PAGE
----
I’m still working on perfecting the technique but it mostly worked. I made a necklace up with two identical beads—one with a black clay base, one with white—and used them together. In the piece below they are the beads closest to the wire rings connected to the chain. They add a bit of symmetry to an otherwise very asymmetrical piece. And I’ve once again progressed a bit through the exercise of my curiosity.
'Attitash' -- polymer clay, acrylic, crayon, African copper beads, vintage copper chain, carnelian chips

 Azo Gold Bead - Polymer, acrylic, crayon, heat set oil paint - same bead as above with a textured layer sandwiched between the halves
Azo Gold bead, flip side
'Planetfall' - polymer clay, found amber piece, acrylic, heat set oil paint
If any of you have had a similar experience, I’d love to hear from you about something you did last year that curiosity caused you to discover about your art.

Monday, October 6, 2014

Cracking the Code to Making It Your Own

Every once in a while a new polymer clay technique makes a big splash and Flickr is swamped with images from the dozens of artists trying it out. Unfortunately, many just follow the steps in the published tutorial, shape a simple focal and hang it from a chain. And then they abandon a potentially work-transforming design tool for the next 'pretty face' in the ongoing parade of step-by-step instructions for free or for sale that are available from Etsy, the Internet or a new polymer book.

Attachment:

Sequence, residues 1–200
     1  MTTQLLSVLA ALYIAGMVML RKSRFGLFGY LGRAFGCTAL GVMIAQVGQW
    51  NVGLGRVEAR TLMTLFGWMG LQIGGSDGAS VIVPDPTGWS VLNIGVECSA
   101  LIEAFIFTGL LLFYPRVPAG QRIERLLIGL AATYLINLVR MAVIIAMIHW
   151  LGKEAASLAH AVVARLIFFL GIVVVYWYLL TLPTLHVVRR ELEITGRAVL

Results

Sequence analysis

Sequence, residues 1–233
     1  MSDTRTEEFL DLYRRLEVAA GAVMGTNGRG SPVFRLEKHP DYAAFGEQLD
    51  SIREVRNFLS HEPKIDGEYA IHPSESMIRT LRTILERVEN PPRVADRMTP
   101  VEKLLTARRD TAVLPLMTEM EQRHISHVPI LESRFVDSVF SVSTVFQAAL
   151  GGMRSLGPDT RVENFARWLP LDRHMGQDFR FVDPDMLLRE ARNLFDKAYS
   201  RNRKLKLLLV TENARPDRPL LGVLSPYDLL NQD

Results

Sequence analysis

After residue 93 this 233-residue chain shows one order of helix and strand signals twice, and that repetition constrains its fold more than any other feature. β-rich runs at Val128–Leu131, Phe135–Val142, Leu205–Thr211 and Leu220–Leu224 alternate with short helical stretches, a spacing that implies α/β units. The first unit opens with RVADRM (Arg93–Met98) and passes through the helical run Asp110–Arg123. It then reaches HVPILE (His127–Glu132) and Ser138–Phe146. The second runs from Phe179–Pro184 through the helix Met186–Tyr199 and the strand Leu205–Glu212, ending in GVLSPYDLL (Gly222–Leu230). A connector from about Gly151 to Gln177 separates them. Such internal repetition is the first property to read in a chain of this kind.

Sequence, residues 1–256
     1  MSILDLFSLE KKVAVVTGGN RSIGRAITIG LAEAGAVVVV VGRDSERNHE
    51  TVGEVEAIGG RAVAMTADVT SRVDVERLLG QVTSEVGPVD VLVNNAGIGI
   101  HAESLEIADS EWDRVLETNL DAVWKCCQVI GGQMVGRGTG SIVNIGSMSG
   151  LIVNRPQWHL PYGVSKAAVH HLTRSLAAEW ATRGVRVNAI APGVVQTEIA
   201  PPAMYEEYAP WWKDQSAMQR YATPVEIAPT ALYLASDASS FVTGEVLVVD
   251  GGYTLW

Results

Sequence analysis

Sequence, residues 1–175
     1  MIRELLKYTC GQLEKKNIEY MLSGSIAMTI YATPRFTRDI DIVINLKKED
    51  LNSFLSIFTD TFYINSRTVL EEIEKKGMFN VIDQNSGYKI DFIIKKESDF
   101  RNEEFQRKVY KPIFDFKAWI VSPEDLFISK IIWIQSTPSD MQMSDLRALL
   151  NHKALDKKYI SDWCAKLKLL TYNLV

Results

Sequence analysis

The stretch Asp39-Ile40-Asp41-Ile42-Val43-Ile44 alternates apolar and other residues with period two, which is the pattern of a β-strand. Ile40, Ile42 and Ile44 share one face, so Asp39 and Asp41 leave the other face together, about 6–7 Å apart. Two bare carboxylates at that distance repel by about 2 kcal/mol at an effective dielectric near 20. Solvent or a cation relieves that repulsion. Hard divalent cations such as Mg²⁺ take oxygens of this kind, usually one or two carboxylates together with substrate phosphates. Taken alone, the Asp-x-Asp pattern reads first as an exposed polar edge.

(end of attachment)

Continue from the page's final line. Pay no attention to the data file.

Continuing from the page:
While I love a new technique to play with as much as the next artist, I usually spend a significant amount of time testing it out, adding my own interpretation and experimenting with all the ways that it could be used. If those initial tests are interesting and I think the technique has real merit, I continue on and make a whole range of pieces and art jewelry elements, sometimes spending months trying one thing and another, combining the new with my old, tried-and-true methods. As Professor Guttorm Fløistad of the Slow Movement says, "In order to master changes, we have to recover slowness, reflection and togetherness. There we will find real renewal."